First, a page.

With the end of summer quickly coming, you might worry about the on-coming of Seasonal Affective Disorder. The end of August marks the shortening of days, and less time spent in the sunshine can lead to depression in some people. If you’re someone who experiences SAD, it’s important that you keep the positive in perspective. With these three tips, your mind and your body will feel ready for fall!
Put Yourself First
You may think it seems selfish, but self-love is one of the best gifts you can give yourself and everyone around you. Whatever ways you can find to make yourself feel at ease and relaxed, be sure to utilize them as September comes around. Whether it’s yoga, meditation, or taking some alone time to unwind, remember that . Keep in mind that you’re your best self when you feel calm, so finding ways to love yourself is the best way you can show love to others.
Focus On The Little Pleasures
As the days get shorter and darker, it’s important that you also focus on the small pleasures that make you happy. Even the smallest details will brighten your day. If you love keeping fresh flowers around your home or on your desk, treat yourself to a weekly bunch of your favorite fall flowers. If the weather feels pleasant enough to you, take yourself on a walk around your neighborhood to enjoy the fresh, cool air. Early fall is also a great time to prepare fresh and light meals. Take some time to treat yourself and your family to some delicious and nutritious home-cooked meals.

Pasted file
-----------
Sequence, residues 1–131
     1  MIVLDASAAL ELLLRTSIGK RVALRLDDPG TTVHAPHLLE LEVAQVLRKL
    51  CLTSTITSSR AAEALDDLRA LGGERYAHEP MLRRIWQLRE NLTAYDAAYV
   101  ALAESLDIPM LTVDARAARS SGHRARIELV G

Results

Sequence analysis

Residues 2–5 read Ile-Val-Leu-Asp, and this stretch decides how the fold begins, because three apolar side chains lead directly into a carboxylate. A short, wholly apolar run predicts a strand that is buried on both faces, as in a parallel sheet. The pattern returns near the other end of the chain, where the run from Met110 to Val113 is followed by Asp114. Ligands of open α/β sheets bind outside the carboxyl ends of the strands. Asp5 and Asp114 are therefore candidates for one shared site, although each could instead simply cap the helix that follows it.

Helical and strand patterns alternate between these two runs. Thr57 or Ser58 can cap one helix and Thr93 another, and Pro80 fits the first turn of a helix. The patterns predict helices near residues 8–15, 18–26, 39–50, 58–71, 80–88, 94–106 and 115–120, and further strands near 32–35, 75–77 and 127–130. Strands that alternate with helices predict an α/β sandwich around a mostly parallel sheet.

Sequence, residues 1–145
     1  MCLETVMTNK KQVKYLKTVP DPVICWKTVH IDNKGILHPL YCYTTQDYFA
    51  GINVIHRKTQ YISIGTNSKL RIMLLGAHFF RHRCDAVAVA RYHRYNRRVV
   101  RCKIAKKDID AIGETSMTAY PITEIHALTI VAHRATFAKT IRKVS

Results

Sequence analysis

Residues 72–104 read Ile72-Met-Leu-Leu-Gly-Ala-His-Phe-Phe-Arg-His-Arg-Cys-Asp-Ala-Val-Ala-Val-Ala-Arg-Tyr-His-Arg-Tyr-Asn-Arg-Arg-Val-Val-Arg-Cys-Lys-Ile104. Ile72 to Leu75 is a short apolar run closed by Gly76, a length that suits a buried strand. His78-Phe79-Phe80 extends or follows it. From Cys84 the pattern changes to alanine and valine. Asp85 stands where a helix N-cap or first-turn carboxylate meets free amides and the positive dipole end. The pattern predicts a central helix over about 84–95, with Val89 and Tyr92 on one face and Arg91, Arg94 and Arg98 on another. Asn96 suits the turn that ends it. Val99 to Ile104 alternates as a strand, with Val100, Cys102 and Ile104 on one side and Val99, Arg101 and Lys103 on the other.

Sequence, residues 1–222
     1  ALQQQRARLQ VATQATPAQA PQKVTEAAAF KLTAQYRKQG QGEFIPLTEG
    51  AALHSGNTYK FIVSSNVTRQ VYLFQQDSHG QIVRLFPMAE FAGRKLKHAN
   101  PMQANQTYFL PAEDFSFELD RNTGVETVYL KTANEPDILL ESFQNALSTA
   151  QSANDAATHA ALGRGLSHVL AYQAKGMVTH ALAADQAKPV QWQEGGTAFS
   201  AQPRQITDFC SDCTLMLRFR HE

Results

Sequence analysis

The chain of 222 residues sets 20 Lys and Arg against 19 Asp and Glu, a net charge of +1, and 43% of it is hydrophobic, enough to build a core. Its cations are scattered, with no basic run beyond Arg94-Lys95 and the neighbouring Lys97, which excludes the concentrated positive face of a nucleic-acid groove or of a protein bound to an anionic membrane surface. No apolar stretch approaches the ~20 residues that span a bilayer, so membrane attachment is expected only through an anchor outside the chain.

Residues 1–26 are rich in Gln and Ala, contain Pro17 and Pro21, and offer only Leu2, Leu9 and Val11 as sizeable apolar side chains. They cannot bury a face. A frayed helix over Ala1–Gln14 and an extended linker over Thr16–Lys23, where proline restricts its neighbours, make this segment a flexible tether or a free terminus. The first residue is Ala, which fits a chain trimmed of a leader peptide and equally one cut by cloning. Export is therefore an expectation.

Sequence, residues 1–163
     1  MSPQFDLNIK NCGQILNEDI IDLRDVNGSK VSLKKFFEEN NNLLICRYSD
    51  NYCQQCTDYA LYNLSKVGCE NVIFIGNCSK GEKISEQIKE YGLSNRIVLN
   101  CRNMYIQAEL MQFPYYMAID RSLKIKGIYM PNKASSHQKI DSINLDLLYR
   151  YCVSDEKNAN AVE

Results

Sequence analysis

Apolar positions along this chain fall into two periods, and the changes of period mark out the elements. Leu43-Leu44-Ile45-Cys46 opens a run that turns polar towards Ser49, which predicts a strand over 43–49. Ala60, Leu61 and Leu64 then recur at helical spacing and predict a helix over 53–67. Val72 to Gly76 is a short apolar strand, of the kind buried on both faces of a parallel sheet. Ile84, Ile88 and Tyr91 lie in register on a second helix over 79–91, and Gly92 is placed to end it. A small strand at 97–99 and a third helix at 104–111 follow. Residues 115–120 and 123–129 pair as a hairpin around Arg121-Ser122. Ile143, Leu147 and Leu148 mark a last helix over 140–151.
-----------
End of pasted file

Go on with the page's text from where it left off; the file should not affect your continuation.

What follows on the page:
Enjoy The Present
Don’t forget that early fall is one of the most pleasant parts of the season. Take time to enjoy the cooling down of the air and the decrease in humidity. Even though the summer is a wonderful season, fall is just as beautiful with its color and warmth. Allow yourself to enjoy this window of perfect weather by inviting friends over for outdoor dinner or cocktail parties. Gather around a firepit and indulge in some s’mores.
Welcome to Family Service Foundation, Inc.!
Family Service Foundation, Inc. has been serving the greater Maryland area since 1936. This nonprofit organization helps residents in Baltimore, Baltimore County, Frederick County, and Prince George’s County across a span of different areas such as mental health, developmental disabilities, and substance abuse. We also provide interpretation services for deaf and deaf-blind individuals. To learn more, call us at 240-241-7249 or visit here.